Is History Repeating Itself?

Column by Bishop John Shelby Spong on 12 October 2005 0 Comments
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On July 13, 2005, this column ran a story entitled
"Phyllis' Garden." In that column I asked my readers to send
Phyllis Welder a letter or card to thank her for her part in
beautifying her surroundings by turning a tiny piece of
ground 18 inches by 36 inches underneath a street sign in
front of her house into a lovely garden for all to enjoy. It
was the major contribution of this 85 year old widow to the
community where she had spent all of her life. At last count
224 of you did that. The mail created quite a bit of
conversation in the village of Stoneleigh, where suddenly
this simple and unprepossessing woman received more mail each
day than anyone else in the village and sometimes more than
everyone else put together! I want to thank you for doing
that and these letters will reveal that your response brought
great joy to this lady and offered an opportunity for her
community to see greatness in the ordinary which was the
subject of the article. For those who might have missed this
column or for new subscribers who did not receive it you may
read it by going online to If you
do that it is not too late to send Phyllis a letter from you.
I would love to see the tally reach 300 letters. My thanks
to all of you for taking the time to do this little act of

John Shelby Spong


Many of us in Stoneleigh have been captivated by the
response that Phyllis has received following your essay:
"Phyllis Garden - Finding Meaning in the Ordinary" and
Phyllis has been persuaded to allow the story to be printed
in our local news magazine. I attach the short piece that I
have submitted for the October issue (below this letter).

For her part, Phyllis has experienced a number of
emotions: wonder, embarrassment, worry and sadness, for
example! She has asked me to tell you that she has bought a
card and will be writing to you soon (she says when the mail
stops coming!) but thought that an interim e-mail was a good
idea. Her emotions have been particularly stirred by the
recent awful hurricane Katrina because many of her letters
and cards have come from the deep south and it has made the
disaster seem very close to her. She prays for those who have
been affected.

With best wishes and thank you for such a lovely essay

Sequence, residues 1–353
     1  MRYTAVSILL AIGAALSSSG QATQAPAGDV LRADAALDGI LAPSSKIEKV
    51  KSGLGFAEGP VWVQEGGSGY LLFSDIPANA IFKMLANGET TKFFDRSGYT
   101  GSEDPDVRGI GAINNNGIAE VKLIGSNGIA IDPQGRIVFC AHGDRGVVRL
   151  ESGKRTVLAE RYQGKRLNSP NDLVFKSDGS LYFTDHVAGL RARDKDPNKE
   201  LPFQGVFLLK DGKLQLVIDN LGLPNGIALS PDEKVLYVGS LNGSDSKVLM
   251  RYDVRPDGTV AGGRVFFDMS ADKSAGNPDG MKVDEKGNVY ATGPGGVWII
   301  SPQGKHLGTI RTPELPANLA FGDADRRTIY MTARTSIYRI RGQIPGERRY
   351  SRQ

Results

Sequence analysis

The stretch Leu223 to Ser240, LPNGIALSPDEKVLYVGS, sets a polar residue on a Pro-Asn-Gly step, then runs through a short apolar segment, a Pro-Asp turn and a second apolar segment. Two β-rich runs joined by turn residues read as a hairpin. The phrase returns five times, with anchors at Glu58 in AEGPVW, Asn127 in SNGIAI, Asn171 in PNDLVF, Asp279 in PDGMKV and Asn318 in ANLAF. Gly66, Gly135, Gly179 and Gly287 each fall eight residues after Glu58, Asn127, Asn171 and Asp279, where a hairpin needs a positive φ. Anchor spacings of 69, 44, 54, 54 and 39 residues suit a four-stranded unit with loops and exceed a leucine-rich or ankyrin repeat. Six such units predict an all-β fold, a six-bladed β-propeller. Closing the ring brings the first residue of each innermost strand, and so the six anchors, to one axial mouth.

following your chance encounter with Phyllis.

-- Robin Bussell

PS: As an aside, and more evidence of the smallness of the
world, one of the longer letters that Phyllis received was
from Rev. Wesley Hartley of Busselton, Western Australia.
Busselton is a small town which I believe to have been
founded by one of my ancestors!


It was a fine morning in June and Phyllis decided that she
really must make an effort and attend to 'her garden'. The
edges needed trimming, there were a couple of weeds to remove
and, of course, dead-heading is a daily task. She was
engrossed in her work when a passing gentleman and his wife
stopped and greetings were exchanged. Phyllis realised that
they were an American couple and, when she was asked where
they might find a coffee shop, she spontaneously replied:
"Oh, we don't have anything like that in Stoneleigh, but come
in and I will make you a cup of coffee". The offer was gently
declined (perhaps the strangers were reluctant to interrupt
the gardening) and the couple went on their way. Three weeks
later the elderly Americans returned and, this time, stopped
for quite a chat with Phyllis (and Phyllis loves to have a
chat!) Both the lady and gentleman were plainly interested in
Phyllis and her lifetime of experiences, and Phyllis enjoyed
their company.

Phyllis thought nothing more about the encounter until the
mail from faraway places began to arrive: first a letter,
then a couple of cards and then a flood of mail. Postcards,
letters and packages came from America, Australia, New
Zealand, Switzerland, Mexico and Canada. Everton the postman
has been quite overwhelmed! At the last count (14th
September) Phyllis had received 224 letters and cards.

The first to arrive was a letter from the visiting
American who thanked Phyllis for telling him her story.
Unbeknown to Phyllis he was a retired Anglican Bishop and he
now worked as a Christian columnist with a world-wide
audience for his internet articles of some 15,000 people. He
had used his chance meeting with Phyllis and 'her garden' as
the basis for a five page article entitled "Phyllis' Garden -
Finding Meaning in the Ordinary". He ended the article by
saying: "I invite my readers to affirm Phyllis by sending her
a card or a letter and thank her for her inspiration and her
"garden". And many of them have!

Now that Phyllis' garden has the eyes of the world upon it
she has to ensure that past standards are maintained but,
with joints becoming ever more creaky, she will need some
help. I am sure there will be plenty of that.

Oh! Did I not mention where the garden is? Just take a
look at the very small plot located beneath "The Green" road
sign outside the Almshouses. That is "Phyllis Weller's
Garden" and it has been there for many years. I hope you have
noticed and appreciated it as did the passing American

Notes: The visitor to Phyllis' Garden was Bishop John
Spong and his website is




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